- The Washington Times - Tuesday, November 27, 2018

Homeland Security officials said Tuesday that Border Patrol agents were right to use tear gas in repelling the “violent mob” that tried to burst through the border over the weekend, and said gas will be used again if another situation arises.

Rodney Scott, the chief patrol agent for the San Diego Sector, said when people began to fire rocks and bottles at his agents, which he said was a “direct threat,” they were correct to respond with tear gas and pepper spray.

“They were under assault by a hail of rocks,” he said. “That has happened before, and if we were rocked [again], that would happen tomorrow.”

“Rocking” or being “rocked” is how agents refer to the increasingly common tactic of migrants throwing large stones at the Border Patrol, hoping to wound or frighten agents.

Photos of tear gas clouds near women and children who were among the mob of mostly men storming the border have gone viral, drawing condemnation internationally and at home, where congressional Democrats say it was a break with what America stands for.

The government of El Salvador complained Tuesday, insisting both Mexico and the U.S. should have tried to use “dialogue” with the migrants who busted through a police line on the Mexican side, then tore holes in the border fence and attempted to stream through to the U.S.

“No circumstance justifies the use of force against migrants, particularly in the case of women and children,” the Salvadoran government said in a statement.

It has asked the U.N. High Commissioner on Refugees and the International Organization on Migration to step in take stock of the thousands of migrants camped out in Baja California plotting avenues to enter the U.S.

But the Salvadoran government also chided parents who put their children in harm’s way by trying to jump the border, urging the “fathers and mothers who are in that area to avoid exposing their children to scenarios that put their lives, integrity and safety at risk.”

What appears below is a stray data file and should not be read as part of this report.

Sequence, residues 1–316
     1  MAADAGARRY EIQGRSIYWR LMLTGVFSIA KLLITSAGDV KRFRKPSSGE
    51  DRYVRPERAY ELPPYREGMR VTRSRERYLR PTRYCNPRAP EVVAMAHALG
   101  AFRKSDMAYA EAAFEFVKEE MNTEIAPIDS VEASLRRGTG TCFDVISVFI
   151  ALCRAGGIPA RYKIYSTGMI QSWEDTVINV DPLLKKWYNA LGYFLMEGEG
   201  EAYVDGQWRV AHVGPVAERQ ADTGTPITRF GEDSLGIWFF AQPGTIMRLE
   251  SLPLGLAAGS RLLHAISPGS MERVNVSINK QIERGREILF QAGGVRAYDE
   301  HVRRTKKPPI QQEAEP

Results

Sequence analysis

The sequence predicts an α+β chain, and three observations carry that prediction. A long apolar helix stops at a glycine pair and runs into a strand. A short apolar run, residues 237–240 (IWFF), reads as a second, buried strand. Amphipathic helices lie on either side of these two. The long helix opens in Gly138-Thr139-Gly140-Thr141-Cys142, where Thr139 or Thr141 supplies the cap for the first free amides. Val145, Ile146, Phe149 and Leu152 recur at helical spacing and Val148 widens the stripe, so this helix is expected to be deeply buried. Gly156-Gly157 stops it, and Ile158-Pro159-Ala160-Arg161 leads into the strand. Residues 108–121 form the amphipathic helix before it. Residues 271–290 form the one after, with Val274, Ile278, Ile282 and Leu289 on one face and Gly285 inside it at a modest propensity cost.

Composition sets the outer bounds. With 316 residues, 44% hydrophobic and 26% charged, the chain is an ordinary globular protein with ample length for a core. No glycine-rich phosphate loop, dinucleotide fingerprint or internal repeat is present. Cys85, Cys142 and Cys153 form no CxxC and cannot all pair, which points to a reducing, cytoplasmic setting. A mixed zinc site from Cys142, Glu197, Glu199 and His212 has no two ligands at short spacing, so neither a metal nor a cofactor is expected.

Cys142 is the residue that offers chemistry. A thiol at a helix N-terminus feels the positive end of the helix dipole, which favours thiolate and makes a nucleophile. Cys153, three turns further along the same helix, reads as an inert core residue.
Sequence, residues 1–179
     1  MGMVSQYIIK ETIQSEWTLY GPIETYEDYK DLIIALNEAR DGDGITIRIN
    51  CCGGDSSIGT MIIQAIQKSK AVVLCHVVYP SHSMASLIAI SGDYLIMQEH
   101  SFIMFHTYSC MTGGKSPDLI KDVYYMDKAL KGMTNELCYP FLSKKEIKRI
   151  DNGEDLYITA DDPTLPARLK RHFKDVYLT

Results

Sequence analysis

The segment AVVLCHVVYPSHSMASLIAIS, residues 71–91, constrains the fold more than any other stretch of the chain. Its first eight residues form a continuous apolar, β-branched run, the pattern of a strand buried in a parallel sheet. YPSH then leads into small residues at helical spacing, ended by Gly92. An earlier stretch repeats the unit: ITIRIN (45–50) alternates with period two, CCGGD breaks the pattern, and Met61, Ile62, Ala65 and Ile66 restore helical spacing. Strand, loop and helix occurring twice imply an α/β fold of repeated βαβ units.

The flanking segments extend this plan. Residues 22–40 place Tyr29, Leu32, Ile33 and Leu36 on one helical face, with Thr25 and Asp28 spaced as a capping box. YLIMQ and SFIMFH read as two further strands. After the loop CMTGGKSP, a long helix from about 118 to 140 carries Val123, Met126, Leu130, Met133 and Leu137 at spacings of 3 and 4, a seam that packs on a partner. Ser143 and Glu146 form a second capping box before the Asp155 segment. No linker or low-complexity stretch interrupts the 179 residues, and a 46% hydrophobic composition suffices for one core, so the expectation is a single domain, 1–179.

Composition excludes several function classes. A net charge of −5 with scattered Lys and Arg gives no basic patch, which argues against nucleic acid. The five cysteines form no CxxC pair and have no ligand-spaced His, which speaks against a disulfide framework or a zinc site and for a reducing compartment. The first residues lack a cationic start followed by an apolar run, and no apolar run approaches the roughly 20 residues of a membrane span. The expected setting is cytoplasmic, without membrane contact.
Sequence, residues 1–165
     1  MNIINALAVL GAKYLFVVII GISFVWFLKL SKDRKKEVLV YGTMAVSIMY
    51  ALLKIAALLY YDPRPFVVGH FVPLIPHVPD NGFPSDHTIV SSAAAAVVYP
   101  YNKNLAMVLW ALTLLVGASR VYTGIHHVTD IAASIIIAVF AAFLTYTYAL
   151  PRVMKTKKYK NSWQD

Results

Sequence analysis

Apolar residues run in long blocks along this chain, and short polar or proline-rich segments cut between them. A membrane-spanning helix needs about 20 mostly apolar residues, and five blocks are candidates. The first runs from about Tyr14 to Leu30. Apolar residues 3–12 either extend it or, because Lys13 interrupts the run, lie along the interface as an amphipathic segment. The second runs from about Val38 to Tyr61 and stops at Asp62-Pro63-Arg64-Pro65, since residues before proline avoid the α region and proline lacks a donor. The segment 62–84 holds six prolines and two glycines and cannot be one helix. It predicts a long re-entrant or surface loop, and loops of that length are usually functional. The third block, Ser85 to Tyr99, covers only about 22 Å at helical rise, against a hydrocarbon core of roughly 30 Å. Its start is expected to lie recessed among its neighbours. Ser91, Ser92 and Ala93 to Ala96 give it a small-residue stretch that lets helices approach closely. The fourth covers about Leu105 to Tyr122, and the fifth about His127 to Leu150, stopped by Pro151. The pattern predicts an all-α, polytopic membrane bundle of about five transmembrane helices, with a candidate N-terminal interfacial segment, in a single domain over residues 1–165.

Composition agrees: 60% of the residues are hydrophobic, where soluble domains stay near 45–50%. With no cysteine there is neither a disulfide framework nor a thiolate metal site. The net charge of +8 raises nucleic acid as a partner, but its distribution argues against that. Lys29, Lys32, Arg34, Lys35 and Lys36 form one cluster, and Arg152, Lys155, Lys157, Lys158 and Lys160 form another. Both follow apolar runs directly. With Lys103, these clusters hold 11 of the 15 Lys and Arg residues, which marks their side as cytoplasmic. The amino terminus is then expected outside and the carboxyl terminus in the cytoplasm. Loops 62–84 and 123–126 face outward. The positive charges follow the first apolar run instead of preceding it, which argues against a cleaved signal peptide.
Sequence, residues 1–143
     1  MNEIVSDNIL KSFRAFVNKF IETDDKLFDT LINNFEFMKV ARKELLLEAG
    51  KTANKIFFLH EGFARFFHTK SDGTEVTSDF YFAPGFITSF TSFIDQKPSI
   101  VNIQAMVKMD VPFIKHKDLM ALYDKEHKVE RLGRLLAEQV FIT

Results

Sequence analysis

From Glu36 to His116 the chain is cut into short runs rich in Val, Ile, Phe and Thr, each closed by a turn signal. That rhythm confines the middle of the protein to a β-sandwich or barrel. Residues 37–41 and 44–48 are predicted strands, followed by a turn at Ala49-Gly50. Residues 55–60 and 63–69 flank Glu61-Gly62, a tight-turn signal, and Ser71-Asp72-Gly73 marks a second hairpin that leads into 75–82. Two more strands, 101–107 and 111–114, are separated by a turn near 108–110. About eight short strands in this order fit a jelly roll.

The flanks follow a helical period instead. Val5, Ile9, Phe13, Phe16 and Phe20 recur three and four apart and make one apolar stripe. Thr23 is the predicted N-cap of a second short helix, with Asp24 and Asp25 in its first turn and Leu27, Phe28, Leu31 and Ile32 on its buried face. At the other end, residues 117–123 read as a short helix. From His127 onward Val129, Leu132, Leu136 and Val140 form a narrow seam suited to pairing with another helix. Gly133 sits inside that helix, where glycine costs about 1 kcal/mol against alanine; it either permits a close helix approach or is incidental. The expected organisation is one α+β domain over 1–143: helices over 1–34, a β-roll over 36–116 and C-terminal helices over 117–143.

Tyler Q. Houlton, spokesman for Homeland Security pushed back on accusations that Border Patrol agents targeted women and children with the tear gas, but said people who join a violent mob trying to break through the border are going to see “unintended consequences.”

“The easiest way to avoid it is to comply with the law, go to the port of entry, and then get in line with everybody else,” he said.

President Trump on Monday had said the tear gas used was “very safe.”

Chief Scott backed that up Tuesday, saying he was personally on the border along the two-mile stretch where the mob tried to break through. He said he inhaled a significant amount of tear gas and pepper spray himself, and while it was an irritant, it did no lasting damage.

He also said he saw mostly adult men in the mobs, and women and children were “very few.”

“The agents responded with the least amount of force we possibly could,” he said.

Indeed, using tear gas or pepper spray has been standard policy for years. Tear gas was deployed at the border on average at least once a month under President Obama, and pepper spray was used even more frequently, according to Customs and Border Protection data obtained by The Washington Times.

White House press secretary Sarah Huckabee Sanders said the Obama uses were “actually for far less circumstances because they didn’t have the same numbers and the mass rush that we’re seeing in this caravan take place.”

More than 40 of the migrants who rushed the border and made it into the U.S. were apprehended Sunday. Perhaps 100 more were identified by Mexican authorities as being involved in the border assault, and they have been deported.

U.S. officials say there are still about 8,000 migrants are in Tijuana and another 2,000 in Mexicali, both border towns in Mexico, eyeing entry into the U.S.

Homeland Security officials said they’ve identified at least 600 people among the caravan who have criminal records. They declined to explain how they reached that number, calling their methods “law enforcement sensitive.”

Chief Scott said he’s heard “rumors” from among contacts with charities working with the caravan that some of the migrants are giving up hope and have realized they’re not going to make it across.

Sign up for Daily Newsletters

Manage Newsletters

Copyright © 2021 The Washington Times, LLC. Click here for reprint permission.

Please read our comment policy before commenting.


Click to Read More and View Comments

Click to Hide